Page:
Dogs, similarly to people, can suffer from various fears and phobias. Fears and phobias that occur in dogs can stem from a number of different things. While dogs can be born with specific fears, most of them are acquired as pups begin to engage with the world.
If socialization with people and other dogs doesn’t begin when the animal is still young, it often happens that the dog develops phobias. If we add a negative experience to that, chances are your pet will feel a lifelong fear of, for example, loud sounds, some objects in the surroundings, other animals, and even people.
Signs that may indicate that a dog is suffering from a specific phobia are:
- Destructive Behavior
Below are the 10 phobias and fears that are more common with dogs.
1. Fear of Thunder
The technical term for this specific fear is Astraphobia. In dogs, it occurs at different levels, but it can be said that no dog is indifferent to this atmospheric phenomenon. Some pets show a milder form of fear of thunder and only tremble, lower their ears and bend their tail under the body.
Other dogs that are more fearful feel the need to hide in a specific part of the house where they feel the safest, often behaving destructively in these attempts because it helps to soothe their anxiety. Many dogs lose control over urinating and even defecation.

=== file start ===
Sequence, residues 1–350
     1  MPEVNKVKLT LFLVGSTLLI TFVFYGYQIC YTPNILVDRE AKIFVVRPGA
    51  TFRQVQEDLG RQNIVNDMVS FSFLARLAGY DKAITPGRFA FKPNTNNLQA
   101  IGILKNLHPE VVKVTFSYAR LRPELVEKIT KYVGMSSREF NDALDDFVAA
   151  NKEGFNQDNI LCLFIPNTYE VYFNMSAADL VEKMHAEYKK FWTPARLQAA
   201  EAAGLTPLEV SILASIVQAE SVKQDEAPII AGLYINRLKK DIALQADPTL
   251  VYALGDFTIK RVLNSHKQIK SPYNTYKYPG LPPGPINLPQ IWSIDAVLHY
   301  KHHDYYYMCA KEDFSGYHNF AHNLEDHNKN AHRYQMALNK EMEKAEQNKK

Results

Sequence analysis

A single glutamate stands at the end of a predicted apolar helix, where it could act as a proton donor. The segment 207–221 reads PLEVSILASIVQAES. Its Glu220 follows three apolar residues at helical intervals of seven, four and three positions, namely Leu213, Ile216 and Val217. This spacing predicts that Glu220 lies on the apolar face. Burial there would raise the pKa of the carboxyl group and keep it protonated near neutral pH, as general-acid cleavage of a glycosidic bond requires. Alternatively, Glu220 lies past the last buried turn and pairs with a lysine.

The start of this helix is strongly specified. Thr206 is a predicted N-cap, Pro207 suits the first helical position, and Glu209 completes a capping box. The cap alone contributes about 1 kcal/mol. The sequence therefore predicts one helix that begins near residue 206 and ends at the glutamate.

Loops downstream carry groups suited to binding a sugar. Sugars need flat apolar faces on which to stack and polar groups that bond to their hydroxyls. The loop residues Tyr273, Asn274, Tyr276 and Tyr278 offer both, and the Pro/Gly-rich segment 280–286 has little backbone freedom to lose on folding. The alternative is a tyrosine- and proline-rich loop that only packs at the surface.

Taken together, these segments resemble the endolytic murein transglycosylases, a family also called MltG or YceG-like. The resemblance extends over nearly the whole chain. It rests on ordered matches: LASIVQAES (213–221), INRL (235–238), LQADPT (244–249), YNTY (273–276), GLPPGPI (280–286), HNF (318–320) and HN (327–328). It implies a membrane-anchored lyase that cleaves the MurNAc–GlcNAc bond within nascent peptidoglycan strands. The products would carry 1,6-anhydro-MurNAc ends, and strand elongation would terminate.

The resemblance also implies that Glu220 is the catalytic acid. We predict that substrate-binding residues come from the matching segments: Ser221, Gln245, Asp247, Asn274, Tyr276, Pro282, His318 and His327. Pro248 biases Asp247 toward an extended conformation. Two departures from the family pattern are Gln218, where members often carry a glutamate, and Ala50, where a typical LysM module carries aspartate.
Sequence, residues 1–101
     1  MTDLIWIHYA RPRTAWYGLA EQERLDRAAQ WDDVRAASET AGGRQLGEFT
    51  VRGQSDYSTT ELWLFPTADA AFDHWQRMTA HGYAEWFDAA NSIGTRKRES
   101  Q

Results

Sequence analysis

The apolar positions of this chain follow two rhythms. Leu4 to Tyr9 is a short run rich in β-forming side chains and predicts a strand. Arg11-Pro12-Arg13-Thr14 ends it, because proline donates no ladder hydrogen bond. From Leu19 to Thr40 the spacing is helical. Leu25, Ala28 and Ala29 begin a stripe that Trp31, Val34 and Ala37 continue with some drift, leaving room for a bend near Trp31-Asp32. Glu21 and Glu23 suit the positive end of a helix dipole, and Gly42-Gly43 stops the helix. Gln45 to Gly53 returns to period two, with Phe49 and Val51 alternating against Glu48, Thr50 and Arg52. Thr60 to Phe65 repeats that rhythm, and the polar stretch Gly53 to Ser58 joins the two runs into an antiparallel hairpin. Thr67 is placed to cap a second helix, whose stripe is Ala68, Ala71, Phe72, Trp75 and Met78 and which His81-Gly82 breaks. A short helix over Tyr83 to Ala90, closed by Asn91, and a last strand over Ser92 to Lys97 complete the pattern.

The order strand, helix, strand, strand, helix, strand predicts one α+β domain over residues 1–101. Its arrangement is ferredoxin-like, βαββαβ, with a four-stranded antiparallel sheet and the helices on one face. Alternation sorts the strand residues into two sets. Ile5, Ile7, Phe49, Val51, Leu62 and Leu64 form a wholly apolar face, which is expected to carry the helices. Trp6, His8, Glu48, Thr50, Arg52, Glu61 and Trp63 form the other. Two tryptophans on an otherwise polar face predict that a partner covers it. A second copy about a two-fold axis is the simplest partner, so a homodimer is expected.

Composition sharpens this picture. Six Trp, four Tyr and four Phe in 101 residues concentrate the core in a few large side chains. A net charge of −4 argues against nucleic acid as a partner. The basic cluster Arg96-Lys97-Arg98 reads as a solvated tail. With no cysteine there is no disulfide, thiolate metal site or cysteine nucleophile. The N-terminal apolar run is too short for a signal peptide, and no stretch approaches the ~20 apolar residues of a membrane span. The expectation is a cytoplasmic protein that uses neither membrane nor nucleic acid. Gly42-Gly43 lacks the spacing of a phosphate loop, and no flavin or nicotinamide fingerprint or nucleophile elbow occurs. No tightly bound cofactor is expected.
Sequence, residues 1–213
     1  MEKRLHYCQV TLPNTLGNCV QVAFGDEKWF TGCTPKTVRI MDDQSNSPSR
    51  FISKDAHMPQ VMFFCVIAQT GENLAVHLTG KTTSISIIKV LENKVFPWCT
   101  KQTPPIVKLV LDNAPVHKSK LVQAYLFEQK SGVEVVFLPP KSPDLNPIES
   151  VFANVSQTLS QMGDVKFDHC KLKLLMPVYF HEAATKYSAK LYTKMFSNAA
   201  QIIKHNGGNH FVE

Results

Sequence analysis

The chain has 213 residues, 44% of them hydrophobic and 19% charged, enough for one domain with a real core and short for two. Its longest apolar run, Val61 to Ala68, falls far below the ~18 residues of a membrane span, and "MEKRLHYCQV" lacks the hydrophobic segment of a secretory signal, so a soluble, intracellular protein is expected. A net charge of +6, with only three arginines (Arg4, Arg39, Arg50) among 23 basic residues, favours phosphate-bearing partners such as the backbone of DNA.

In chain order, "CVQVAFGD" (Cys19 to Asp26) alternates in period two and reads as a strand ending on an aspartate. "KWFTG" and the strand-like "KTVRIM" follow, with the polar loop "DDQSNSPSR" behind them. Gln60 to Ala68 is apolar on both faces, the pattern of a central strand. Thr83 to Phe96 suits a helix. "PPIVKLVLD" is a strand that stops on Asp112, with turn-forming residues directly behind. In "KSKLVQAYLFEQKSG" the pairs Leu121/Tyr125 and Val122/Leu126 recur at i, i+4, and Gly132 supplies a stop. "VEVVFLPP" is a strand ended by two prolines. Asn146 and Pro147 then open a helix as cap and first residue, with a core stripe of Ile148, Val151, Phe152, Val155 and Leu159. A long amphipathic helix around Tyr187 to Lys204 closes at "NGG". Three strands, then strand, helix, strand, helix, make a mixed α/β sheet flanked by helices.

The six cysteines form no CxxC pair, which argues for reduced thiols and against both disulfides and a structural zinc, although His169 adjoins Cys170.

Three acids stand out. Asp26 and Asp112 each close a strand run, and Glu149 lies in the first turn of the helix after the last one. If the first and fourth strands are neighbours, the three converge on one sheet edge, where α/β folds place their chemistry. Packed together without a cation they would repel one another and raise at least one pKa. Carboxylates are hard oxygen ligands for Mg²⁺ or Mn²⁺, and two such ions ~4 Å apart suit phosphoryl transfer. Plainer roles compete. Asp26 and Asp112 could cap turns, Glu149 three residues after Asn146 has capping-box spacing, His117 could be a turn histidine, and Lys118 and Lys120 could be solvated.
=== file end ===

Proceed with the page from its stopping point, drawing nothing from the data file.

However, there are ways to calm your dog during a thunderstorm. This may include implementing natural remedies that will soothe the animal or with behavioral training.
2. Fear of Firecrackers
Firecrackers and fireworks can also cause fear in dogs due to the loud sound that they produce. This comes as no surprise since dogs have a much more developed sense of hearing than humans. If we take into consideration the light effects that accompany the bangs and bursts, it is not surprising that dogs quickly develop a phobia of these two things. This fear can be mitigated by the process of desensitizing our pets.
This fear can be so great as to cause your dog to run away from home. And, unfortunately, in cases of some dogs, this fear is so deeply rooted that you will need to resort to serious medical attention. Make sure to consult your vet about any serious anxiety aids, doses and how to administer them.
3. Fear of Going to the Vet
There is hardly a dog who is not afraid of going to the vet. This is mainly related to the first experience associated with the veterinary clinic. There are unusual smells, being touched and held by unknown people during an examination, getting a vaccine, and so on. Dogs remember the space in which they had an unpleasant experience.
In order to prevent this fear from even developing or reduce the level of anxiety connected with going to the vet, more frequent, sudden visits to the veterinary clinic are recommended. These visits will not include examinations or interventions. It will simply be a social visit where the dog and the owner will feel relaxed and can “socialize” with a vet.
4. Fear of Car Rides
Even though most dogs love riding in cars, this phobia is not that uncommon. Most often it is related to a previous car-riding experience that was bad. If the dog feels carsick and nauseous during the drive, it's probable that he will no longer want to ride in a car. If the ride results in a visit to a veterinarian or being left at a shelter – fear is even more likely to develop and more justified.
This fear of cars in dogs can be alleviated and also eliminated by more regular, short car rides which will, ultimately, cause satisfaction. If you take your dog to a new place to go for a walk or to visit a friend whom your dog loves, it will eventually stop connecting car rides with negative emotions.